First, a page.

SPOKANE, Wash.-- You can call them "virtual jocks."

Three days per week, a group of students at Sacajawea Middle School in Spokane meet for the "Cyber Patriots." They work in teams of five to identify cyber security vulnerabilities and protect against them, all while competing against other students from across the country.

"They are learning how to find vulnerabilities," said coach Veronica Steele. " It gives them the opportunity to learn how to protect themselves when using technology."

"The most fun part is when you're looking at the leader board from hundreds of different schools and seeing that you're in the top ten," said participant Jacob Sepinuck. "There are schools in Georgia that have three times the funding and you just managed to beat them out."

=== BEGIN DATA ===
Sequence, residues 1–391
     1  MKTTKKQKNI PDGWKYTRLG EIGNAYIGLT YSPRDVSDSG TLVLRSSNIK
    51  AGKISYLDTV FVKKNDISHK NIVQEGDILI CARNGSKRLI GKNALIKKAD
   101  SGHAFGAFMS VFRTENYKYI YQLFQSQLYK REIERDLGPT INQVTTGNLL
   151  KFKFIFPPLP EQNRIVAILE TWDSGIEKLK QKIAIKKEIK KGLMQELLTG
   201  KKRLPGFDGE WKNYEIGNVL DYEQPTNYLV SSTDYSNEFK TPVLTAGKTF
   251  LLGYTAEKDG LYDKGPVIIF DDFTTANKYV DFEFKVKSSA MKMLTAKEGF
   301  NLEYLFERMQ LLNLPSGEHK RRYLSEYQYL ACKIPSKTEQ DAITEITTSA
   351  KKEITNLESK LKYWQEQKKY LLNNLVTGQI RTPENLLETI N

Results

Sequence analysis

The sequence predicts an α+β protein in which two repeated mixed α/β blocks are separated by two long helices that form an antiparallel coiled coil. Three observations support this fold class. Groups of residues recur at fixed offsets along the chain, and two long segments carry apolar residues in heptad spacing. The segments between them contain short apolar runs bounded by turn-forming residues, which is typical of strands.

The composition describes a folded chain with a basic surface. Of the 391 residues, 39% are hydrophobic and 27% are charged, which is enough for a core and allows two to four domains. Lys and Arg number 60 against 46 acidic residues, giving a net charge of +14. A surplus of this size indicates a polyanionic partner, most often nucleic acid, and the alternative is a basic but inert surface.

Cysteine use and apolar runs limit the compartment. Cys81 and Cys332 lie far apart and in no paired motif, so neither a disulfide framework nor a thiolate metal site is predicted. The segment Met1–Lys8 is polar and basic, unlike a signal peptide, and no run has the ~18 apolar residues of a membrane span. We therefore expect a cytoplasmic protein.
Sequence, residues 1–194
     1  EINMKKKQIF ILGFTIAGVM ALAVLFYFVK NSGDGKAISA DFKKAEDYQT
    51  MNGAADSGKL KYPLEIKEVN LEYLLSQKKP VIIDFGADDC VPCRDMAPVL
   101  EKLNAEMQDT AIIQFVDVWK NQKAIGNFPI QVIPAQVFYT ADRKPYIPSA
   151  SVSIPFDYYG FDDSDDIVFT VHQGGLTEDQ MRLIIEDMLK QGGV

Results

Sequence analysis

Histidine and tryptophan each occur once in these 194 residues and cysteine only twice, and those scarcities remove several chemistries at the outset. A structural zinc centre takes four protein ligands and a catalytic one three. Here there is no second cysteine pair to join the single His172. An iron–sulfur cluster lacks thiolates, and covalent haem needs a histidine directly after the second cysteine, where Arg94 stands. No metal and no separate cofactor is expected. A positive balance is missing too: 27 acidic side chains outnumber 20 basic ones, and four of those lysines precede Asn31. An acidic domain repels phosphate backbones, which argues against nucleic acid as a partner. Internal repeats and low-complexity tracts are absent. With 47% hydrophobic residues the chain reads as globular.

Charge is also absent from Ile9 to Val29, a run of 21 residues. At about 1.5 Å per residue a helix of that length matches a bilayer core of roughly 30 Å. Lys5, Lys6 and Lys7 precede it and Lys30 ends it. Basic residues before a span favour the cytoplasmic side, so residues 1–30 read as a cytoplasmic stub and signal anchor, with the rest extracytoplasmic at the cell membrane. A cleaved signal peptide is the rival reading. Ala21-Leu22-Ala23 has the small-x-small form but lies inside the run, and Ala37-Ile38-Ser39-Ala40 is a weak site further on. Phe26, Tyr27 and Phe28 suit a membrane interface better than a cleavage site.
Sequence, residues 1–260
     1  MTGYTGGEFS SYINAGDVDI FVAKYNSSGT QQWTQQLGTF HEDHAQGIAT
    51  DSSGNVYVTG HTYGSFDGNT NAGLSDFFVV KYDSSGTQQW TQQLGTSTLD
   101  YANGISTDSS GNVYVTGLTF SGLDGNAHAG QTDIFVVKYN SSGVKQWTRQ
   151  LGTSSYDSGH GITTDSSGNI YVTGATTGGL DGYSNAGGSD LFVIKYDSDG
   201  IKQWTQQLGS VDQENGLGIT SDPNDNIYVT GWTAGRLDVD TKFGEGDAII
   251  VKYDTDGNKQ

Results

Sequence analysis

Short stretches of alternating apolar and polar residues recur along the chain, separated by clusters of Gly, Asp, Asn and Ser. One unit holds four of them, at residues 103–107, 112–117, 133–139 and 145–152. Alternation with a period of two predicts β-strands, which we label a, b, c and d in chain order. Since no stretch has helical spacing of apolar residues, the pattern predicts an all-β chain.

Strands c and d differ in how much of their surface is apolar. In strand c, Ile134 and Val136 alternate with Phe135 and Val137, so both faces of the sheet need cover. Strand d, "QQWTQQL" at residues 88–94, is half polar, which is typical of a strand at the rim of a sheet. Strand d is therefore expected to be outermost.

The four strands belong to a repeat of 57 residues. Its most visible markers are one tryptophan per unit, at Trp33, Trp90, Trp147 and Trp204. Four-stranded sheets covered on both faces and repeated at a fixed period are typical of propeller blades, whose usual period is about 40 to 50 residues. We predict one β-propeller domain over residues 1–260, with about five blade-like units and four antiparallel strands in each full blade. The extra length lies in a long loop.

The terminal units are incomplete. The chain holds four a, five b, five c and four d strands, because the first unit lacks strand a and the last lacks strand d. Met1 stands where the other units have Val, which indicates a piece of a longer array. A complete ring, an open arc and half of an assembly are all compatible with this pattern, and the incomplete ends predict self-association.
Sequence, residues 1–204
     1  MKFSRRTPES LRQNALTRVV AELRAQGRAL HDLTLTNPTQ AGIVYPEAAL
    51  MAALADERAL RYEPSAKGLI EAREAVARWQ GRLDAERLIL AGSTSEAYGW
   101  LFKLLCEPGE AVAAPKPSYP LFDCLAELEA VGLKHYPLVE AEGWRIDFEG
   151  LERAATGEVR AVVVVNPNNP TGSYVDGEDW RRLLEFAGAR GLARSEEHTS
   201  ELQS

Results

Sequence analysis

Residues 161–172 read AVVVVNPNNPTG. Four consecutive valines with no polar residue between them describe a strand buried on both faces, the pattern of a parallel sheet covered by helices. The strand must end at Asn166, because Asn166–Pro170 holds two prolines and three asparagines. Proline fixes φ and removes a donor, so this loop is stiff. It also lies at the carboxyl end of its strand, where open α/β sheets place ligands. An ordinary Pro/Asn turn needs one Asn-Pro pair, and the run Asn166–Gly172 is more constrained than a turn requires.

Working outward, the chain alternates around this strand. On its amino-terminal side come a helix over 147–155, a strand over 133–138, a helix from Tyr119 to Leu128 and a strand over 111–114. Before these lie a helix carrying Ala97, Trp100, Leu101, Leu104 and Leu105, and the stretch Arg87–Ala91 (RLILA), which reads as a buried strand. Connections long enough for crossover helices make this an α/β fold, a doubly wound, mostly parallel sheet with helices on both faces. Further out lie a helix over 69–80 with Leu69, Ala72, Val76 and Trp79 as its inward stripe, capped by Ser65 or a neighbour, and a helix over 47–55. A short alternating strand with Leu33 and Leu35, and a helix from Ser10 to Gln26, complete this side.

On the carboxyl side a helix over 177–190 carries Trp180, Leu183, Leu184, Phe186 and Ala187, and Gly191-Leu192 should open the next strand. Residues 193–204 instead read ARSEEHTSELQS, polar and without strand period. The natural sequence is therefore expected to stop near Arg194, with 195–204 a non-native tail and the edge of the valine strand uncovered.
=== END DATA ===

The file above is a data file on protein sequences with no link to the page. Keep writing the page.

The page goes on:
In addition to the competitive opportunities it provides students while in school, "Cyber Patriots" can also spark interest in a growing interest for future careers. Teams that perform well can receive college scholarships, and jobs in the information security field are very promising. The Department of Labor projects 28% growth in the industry over the next decade (compared to an average of 7% for all occupations), and the median salary in 2016 was $92,600.

"I’m definitely interested in cyber security," Sepinuck said. "I'm exploring a lot of different fields in computers. Usually a lot of people try a lot of different stuff like programming and networking and stuff like that, but cybersecurity and networking are definitely my top two interests right now."

The "Cyber Patriots" have their first competition Friday, November 3rd.